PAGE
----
At the end of the evening one of the audience members was heard remarking what a wonderfully diverse and unusual programme it was. And that, of course, is what makes us the choir we are.
Nearly Christmas, and not a carol in sight.
28 August 2017
The end of an Ionian year with many high moments, and a scary one! The scary one first was a concert venue where I was almost in complete darkness and couldn’t see the music. A possible contender for the high spot was our concert in the Danish Church. A full house (we didn’t print enough tickets or programmes!) and all the sweat and tears that went into learning the Danish & Swedish paid off as could be seen in the smiles of the audience. I don’t know what the words mean but I got great satisfaction from saying ‘skummende’ and ‘fjeldblokken’ – words that I feel could be well used in an altercation of road rage.
But, undoubtedly the highest spot for me was the very first rehearsal of the year when we were presented with a pile of music for the next concert and beyond. The conductor usually asks who is sight reading the piece and about 80% raise their hands. What happens next is pure magic. There is instant music, often note perfect. Wow there are some good sight- readers.
Concert in the Danish Church
24 June 2017
There are many reasons, of course, why a choir might induce weeping among its audience, not all of them positive. But when one member of the large audience at our concert at the Danish Church on June the 24th told us afterwards, ‘I cried’, we are confident that the sentiment was entirely complimentary.
Our programme began with Finzi’s Haste On, my joys, one of his beautiful settings of Roberts Bridges’ poems, followed by Rubbra’s woefully under-performed The Givers, composed to mark the 85th birthday of Vaughan Williams. Staying firmly in England, we then sang Parry’s What Voice of Gladness, another Robert Bridges setting.
But no concert in a Danish church would be complete without some Danish music, and so our next number was Lange-Müller’s Madonna over Bølgerne. It had taken us a while to get our tongues around the intricacies (and downright illogicalness) of Danish pronunciation, but either we made a very good attempt or our audience was far too polite to tell us otherwise.
We stayed with Danish for Grieg’s gorgeous Våren, for which we were joined by the soprano soloist Marianne Cotterill, a long-time collaborator with the Ionian Singers and a member of the ROH chorus. As the concert was only a couple of days away from midsummer it was perhaps slightly incongruous to be singing a song about spring, but the music was so lovely that it hardly seemed to matter.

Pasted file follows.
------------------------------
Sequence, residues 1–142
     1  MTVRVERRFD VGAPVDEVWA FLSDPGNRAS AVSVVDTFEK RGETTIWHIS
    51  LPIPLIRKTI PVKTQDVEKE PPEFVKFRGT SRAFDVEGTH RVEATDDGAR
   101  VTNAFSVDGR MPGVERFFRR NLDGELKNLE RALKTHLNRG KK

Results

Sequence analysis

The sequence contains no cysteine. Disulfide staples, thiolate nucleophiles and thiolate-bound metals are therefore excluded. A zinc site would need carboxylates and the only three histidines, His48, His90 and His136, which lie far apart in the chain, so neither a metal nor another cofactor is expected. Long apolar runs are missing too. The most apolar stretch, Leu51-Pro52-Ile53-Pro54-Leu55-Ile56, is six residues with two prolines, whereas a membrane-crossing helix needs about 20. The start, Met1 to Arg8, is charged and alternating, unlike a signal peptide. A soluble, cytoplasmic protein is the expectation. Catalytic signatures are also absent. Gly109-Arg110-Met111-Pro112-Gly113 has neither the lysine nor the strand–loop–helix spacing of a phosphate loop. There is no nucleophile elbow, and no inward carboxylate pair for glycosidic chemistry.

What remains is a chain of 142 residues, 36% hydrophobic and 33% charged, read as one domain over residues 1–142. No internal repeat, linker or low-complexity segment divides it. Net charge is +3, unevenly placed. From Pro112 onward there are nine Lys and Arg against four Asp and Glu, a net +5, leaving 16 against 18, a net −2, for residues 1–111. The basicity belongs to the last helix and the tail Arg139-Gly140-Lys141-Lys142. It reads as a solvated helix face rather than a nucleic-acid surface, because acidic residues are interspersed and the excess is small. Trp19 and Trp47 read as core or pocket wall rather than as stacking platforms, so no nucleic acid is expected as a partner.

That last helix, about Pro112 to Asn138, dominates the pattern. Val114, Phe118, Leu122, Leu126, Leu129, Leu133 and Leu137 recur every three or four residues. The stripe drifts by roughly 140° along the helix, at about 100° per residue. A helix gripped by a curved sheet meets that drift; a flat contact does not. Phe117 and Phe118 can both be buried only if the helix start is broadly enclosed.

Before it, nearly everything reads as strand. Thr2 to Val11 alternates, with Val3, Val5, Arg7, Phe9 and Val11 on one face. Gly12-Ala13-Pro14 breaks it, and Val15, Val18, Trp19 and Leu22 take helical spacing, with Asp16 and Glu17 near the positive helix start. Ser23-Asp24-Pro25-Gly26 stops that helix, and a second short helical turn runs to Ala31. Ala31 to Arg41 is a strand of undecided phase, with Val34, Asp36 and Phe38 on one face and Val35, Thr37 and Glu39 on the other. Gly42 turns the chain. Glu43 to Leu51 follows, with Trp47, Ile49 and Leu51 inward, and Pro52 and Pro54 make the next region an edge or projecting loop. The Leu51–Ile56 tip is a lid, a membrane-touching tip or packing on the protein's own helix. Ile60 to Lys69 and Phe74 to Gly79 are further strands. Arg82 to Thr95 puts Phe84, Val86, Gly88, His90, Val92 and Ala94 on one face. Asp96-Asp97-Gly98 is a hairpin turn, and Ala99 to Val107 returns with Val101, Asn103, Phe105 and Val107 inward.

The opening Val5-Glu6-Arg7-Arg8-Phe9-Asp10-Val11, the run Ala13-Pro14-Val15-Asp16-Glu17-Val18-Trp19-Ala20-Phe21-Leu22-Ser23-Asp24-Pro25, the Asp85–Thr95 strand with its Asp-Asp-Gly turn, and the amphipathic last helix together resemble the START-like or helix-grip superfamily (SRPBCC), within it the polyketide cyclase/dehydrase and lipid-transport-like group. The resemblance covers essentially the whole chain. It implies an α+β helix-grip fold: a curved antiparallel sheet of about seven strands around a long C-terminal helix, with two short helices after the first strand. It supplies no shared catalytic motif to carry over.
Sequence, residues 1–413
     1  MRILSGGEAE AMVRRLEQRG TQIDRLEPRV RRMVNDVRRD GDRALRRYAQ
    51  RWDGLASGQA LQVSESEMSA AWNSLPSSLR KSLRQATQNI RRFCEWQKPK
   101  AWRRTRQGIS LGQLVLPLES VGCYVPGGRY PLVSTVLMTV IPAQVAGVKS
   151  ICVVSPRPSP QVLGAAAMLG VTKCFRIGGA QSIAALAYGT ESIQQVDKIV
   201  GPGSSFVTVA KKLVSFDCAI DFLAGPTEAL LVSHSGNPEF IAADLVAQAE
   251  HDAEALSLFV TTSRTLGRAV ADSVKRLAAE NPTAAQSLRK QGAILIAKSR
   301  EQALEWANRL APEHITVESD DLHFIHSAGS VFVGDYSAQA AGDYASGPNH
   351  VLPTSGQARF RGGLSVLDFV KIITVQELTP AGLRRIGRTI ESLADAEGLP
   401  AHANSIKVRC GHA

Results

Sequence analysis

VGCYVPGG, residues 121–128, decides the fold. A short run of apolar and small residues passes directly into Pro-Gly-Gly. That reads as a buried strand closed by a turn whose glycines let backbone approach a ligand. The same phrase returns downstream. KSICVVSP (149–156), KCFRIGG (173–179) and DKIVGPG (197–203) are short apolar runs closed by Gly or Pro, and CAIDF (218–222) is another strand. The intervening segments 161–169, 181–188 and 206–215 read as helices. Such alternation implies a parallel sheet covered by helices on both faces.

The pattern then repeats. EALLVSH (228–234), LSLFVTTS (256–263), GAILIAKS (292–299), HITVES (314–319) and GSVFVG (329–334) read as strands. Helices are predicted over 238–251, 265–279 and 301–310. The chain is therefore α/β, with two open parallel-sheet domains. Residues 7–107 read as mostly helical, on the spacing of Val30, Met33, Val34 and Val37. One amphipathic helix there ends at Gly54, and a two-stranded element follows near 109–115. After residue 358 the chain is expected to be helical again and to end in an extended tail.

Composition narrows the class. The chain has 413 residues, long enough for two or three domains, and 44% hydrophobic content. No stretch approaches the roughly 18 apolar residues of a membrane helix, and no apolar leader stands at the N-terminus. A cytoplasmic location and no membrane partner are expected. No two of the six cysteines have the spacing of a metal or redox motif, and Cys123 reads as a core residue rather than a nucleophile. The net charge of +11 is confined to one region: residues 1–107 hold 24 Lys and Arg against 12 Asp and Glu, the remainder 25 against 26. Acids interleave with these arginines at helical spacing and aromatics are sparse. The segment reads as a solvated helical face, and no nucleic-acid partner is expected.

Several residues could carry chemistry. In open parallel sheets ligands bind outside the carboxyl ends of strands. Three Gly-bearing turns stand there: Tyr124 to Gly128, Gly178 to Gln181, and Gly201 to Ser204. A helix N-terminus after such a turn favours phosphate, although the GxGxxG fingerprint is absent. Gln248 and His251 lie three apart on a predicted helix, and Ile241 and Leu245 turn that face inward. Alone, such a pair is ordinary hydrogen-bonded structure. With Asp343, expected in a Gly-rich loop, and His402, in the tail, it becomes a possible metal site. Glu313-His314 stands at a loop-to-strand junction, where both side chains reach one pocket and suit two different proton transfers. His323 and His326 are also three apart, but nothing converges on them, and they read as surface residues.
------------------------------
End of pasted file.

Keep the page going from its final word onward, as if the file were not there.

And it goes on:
Turning to Sweden, we then sang an arrangement of the folksong Värmeland, by our very own Timothy Salter. Once again Marianne sung the solo line beautifully. Following this were two of Tim’s English folksong arrangements, the first, The Bold Fisherman, about a fair maiden who suddenly changes her tune about marrying the ‘fisherman’ she has just met upon discovering that he is, in fact, rolling in money. We then went cuckoo, literally, with The Cuckoo is a Pretty Bird, after which we crossed back to Scandinavia for Alfvén’s Aftonen.
As we’d already sung about spring, we stayed with the season for Byrd’s This Sweet and Merry Month of May, thus proving that we are no respecter of calendars. Next came Greaves’ lovely madrigal Come Away, Sweet Love, with all its many ‘fa la la’s (at one point an entire page of them. Greaves possibly lacked imagination when it came to lyrics).
We finished with two more of Tim’s folksong arrangements, this time from Denmark: Jeg gik mig i lunden, and En yndig og frydefuld sommertid, with Marianne singing the beautiful solo lines on top.
Not that the evening ended there. The concert took place on Sankthansaften (St John’s Eve), a day in the Danish calendar that has as much to do with pagan celebrations as with religious observance. So afterwards we all filed out of the church to take part in the Danish garden party, with drizzle helpfully provided by the British climate. We all had great fun sitting round campfires and trying our hands at making Danish snobrød, much more delicious than its description – bread on a stick – would suggest. Those who stayed until the end witnessed the ceremonial burning of a witch (something that we should perhaps introduce at more of our concerts in the future).
We are extremely grateful to all those who came along to hear us, and, of course, to the wonderful Marianne Cotterill. ‘I was so delighted by the sound of the choir’, one audience member told us afterwards. ‘Tak for jeres dejlige koncert!’ Which, if our knowledge of Danish is correct, means that they rather liked us.